As described above, the present invention controls translation of the work table 22 (and, thus, the work pieces 20) along the X-axis by translating the work table 22 along guide rails 18. It is contemplated that the rails 18 would preferably extend completely under the bonding head 12 such that the travel of the work table 22 would be along a linear path from the left side of the figures to the right side and out of the bonding machine 10. After work on the work pieces 20 of a fixture 24 is completed, the fixture 24 may travel to the right in the figures and out of the bonding machine 10 as the next fixture 24 travels into the bonding machine 10 from the left side.
Referring now to
Using multiple lanes speeds up the manufacturing process by moving the parts in and out of the bondable area in parallel without stopping the process of attaching wires. For example, with reference to
The bonding machine 60 in
The camera 50 scans across either or both work tables 22 a, 22 b in the Y-direction as the tables 22 a, 22 b move the work pieces 20 along the X-axis. Conventional software is used to retrieve, store and extract position data for use by the bonding head. Accordingly, no further discussion of such software is needed. An additional simple fixed focus camera 28 may be mounted to the bonding head 12, such that it moves with the bonding head 12. The camera 50 is used to collect eyepoint and bond position data. The camera on the bonding head 12 is then used to verify the device location before attaching the wire bonds. This allows both indexing and vision recognition to be performed on one work table 22 b while attaching wire bonds on the alternate work table 22 a.
The camera 50 records/stores image data related to the work piece 20. Specifically, the camera 50 stores position data, such as X-Y location and orientation, of the work piece 20 and/or bonding locations on the work piece 20. The data is fed to a microprocessor or similar controller for use in controlling the bonding head 12 and bonding tool 14.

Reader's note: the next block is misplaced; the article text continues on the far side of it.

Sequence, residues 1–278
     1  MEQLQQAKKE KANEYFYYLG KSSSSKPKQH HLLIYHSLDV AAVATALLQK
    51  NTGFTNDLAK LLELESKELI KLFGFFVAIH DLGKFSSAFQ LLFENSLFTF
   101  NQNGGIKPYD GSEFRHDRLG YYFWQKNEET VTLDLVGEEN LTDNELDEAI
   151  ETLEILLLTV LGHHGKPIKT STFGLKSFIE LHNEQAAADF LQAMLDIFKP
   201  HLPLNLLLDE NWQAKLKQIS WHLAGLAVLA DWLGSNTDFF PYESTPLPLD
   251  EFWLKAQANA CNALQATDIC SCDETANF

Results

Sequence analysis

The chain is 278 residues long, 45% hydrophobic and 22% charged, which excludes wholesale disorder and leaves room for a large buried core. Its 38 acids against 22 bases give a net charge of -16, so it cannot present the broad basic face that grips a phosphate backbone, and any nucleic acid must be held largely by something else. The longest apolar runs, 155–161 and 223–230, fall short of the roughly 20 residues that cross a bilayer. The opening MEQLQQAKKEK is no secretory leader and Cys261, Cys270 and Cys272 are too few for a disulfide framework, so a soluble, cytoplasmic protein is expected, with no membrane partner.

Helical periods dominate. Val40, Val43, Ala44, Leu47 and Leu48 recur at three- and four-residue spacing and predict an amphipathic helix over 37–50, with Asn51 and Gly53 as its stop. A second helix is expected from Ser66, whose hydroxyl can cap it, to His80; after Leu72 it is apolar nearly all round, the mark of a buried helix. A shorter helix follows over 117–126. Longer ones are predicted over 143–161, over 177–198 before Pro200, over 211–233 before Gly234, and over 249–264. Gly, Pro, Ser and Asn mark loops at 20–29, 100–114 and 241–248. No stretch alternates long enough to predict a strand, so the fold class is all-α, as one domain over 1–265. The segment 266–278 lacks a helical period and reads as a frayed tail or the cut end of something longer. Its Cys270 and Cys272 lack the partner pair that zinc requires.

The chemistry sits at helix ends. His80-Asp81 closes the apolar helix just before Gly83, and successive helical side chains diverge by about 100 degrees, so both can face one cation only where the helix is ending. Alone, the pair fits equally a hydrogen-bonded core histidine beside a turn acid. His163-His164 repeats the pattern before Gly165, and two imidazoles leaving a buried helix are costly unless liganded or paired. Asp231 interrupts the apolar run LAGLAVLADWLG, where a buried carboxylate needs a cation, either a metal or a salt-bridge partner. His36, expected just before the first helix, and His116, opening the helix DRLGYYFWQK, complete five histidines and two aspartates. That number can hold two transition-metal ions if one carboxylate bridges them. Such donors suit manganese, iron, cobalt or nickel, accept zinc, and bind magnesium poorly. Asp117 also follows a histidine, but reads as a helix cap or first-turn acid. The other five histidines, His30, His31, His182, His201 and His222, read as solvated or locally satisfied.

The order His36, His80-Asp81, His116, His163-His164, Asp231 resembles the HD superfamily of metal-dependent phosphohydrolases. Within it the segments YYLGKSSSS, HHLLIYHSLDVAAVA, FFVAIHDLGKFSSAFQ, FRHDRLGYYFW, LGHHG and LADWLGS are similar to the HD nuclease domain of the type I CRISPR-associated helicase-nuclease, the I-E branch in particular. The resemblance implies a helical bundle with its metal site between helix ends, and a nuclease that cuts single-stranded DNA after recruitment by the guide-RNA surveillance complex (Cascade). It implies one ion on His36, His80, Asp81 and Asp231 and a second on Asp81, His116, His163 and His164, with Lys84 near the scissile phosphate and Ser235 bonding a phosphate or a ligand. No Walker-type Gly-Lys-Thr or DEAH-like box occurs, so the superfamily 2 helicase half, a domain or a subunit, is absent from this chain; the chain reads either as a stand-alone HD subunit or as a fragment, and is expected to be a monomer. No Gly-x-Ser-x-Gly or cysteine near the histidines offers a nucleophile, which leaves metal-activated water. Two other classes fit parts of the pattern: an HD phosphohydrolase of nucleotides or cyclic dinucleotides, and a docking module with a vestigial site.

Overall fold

In the embodiment shown in
While the above discussion has described the use of the present invention on a wire bonding head for forming wire interconnections, the invention can also be used with additional wire bonding devices, such as a ball/wedge bonder, a pick and place head, an epoxy dispenser and curing system, a cleaning head or a laser/plasma deposition head.
The method illustrated in
The method described above with respect to
The present invention may be embodied in other specific forms without departing from the spirit or essential attributes thereof and, accordingly, reference should be made to the appended claims, rather than to the foregoing specification, as indicating the scope of the invention.
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|U.S. Classification||228/4.5, 228/180.5|
|International Classification||H01L21/60, B23K20/00, B23K37/00, B23K31/02, B23K31/00|
|Cooperative Classification||H01L2924/12042, H01L2224/45015, H01L2924/00014, H01L2924/01082, H01L2224/78301, H01L2924/14, B23K2201/40, H01L2924/01015, H01L2924/01005, H01L2924/01033, H01L24/78, H01L2924/01006, B23K20/004|
|European Classification||H01L24/78, B23K20/00D2|
|Sep 28, 2005||AS||Assignment|
Owner name: KULICKE AND SOFFA INVESTMENTS, INC., DELAWARE
Free format text: ASSIGNMENT OF ASSIGNORS INTEREST;ASSIGNORS:BEATSON, DAVID T.;FRASCH, E. WALTER;REEL/FRAME:017036/0212;SIGNING DATES FROM 20050223 TO 20050225
|Apr 11, 2006||AS||Assignment|
Owner name: KULICKE AND SOFFA INDUSTRIES, INC., PENNSYLVANIA
Free format text: MERGER;ASSIGNOR:KULICKE AND SOFFA INVESTMENTS, INC.;REEL/FRAME:017455/0696
Effective date: 20051021
|Jul 22, 2008||CC||Certificate of correction|
|Aug 12, 2008||CC||Certificate of correction|
|Jul 22, 2011||FPAY||Fee payment|
Year of fee payment: 4
|Sep 4, 2015||REMI||Maintenance fee reminder mailed|
|Jan 22, 2016||LAPS||Lapse for failure to pay maintenance fees|
|Mar 15, 2016||FP||Expired due to failure to pay maintenance fee|
Effective date: 20160122